Aug 23-25, in Kiruna, Johan meets “old” acquaintances, interviews a new supplier, and lectures about the project as part of Tornedalsteaterns dayprogram before their show Malmens väg (the way of the iron ore) in Kiruna.
Aug 18, Johan lectures about the project as part of Tornedalsteaterns dayprogram before their show Malmens väg (the way of the iron ore) in Luleå.
Aug 9, the second music album, Production, is released.
May 22-25, in Kiruna again. This time around we had a good feeling about things (see post below, Mar 20-23). We are still outside the gates, but we met the local union (gruvtolvan) and they will assist us with interviews. That is such a relief. We talked to some “old” acquaintances, but also added a few new ones (workers inside the gates, a new supplier). During this stay, we also sent 10 songs to Krakow, to be mixed and mastered (one song is yet to be completed). The second album is on its way.
May 12, Organizing Rocks first music album is premiered at Luleå Campus. The release party also featured the book “Case studies” (in Swedish) in which this project has a key role in the last third of the book.
May 4, invited by Ingenjörer utan gränser (Engineers without borders) at campus, Johan presents the project for students in Luleå.
May 3, Johan attends an open conversation at the House of Science in Luleå, on the topic “Indigenous people and land rights”.
Apr 28, Johan attends LKAB:s annual meeting at the House of Science in Luleå.
Apr 15, Johan is invited to present the project for a local Rotary club in Boden, Sweden. He also conducts a video interview with Dr Christina Allard at Luleå University of Technology, expert at indigenous rights.
Mar 20-23, heading to Kiruna again. In the last minute, our two visits to the mine was cancelled, leaving us with the choice of either staying at home, or do some re-scheduling. We opted for the latter. We did not manage to book some “last minute” interviews, rather expected as people normally have plans. We conducted the two previously planned interviews (really interesting), met with people we have interviewed before (important to stay in contact), and went out to shoot some background scenes for the documentary (it cannot be enough, considering that we are such amateurs). We also wrote two new songs.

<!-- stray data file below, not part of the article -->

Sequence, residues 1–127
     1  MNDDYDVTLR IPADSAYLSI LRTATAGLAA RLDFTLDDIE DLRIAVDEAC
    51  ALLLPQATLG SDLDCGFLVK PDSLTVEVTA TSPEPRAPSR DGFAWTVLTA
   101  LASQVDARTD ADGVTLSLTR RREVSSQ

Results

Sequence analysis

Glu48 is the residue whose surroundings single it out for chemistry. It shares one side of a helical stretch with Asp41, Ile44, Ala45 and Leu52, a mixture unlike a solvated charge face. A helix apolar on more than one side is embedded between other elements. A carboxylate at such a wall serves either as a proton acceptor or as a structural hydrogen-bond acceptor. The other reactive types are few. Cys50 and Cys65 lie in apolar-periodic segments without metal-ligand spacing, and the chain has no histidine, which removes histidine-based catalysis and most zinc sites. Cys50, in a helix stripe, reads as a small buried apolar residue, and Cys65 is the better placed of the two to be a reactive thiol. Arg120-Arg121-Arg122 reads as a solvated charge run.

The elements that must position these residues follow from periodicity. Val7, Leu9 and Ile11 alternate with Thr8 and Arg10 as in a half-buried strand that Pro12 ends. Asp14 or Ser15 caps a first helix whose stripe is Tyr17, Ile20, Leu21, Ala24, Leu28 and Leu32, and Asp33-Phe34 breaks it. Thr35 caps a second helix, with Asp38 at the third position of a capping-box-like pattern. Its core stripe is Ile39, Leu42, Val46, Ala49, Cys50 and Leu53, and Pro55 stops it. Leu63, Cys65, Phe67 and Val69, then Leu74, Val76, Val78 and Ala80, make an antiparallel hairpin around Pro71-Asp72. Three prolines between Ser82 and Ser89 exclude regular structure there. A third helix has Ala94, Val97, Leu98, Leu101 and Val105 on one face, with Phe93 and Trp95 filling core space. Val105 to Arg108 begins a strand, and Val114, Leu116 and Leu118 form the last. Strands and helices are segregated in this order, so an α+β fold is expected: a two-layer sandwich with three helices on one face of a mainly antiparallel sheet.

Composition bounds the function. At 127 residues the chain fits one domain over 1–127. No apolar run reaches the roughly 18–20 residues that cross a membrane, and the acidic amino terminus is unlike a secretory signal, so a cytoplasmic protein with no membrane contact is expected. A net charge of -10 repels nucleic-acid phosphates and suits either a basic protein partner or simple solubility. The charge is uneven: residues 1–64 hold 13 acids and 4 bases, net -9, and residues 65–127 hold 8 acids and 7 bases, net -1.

Feb 28-Mar 3, Tommy visited Uniwersytet Jagiellonksi W Krakowie in Poland, invited by professor Monika Kostera and assistant professor Michał Zawadzki. Tommy presents the project in a lecture. Though not escaping the ppt-tyranny, the blog site was used (pictures, music, texts) and the song Kiruna you maggot was played live; an acoustic version. There is a small fragment of the song available here. The questions from the audience focused on if we, in the project, with a cross media method, could engage with researched people in a more, say, democratic way, and about the relation between the scientist and those who are studied. Love these questions! Tommy also visited a studio in Krakow to begin working on mastering the first ten songs written during the project.
Jan 23-27, in Kiruna, eight time. Feels like we were in Kiruna ages ago! A lot of catching up, both with Kiruna and with ourselves. We go inside the gates again for a very good interview with a middle manager. We meet with two different suppliers and visit the vernissage of an art exhibition by young students at the city hall. We also shoot some film, take some photos and make three new songs (two in English, one in Swedish).
Dec 14, in Sydney (Australia), Johan presents the project (focusing on the Kiruna case) at the business school at the University of Technology Sydney for 90 minutes.
Dec 10, in Sydney (Australia), Johan presents the project (focusing on the Kiruna case) at the APROS/EGOS conference.
Dec 1, Johan interviews a senior manager from Cameco, interviews a research associate from a band in the north, telephone interviews a contractor from the north (owned by a band) to Cameco, conducts a short video interview with Greg Poelzer with the help of Max Poelzer, interviews two senior managers at a contractor (owned by a band) to Cameco.
Nov 27, back in Saskatoon, Johan interviews two workers and meets with two senior managers at a contractor (owned by a band) to Cameco. He also meets with a professor in labour studies at the university.
Nov 25-26, invited by the faculty of business administration at the University of Regina, Johan presents the project and meets with local scholars.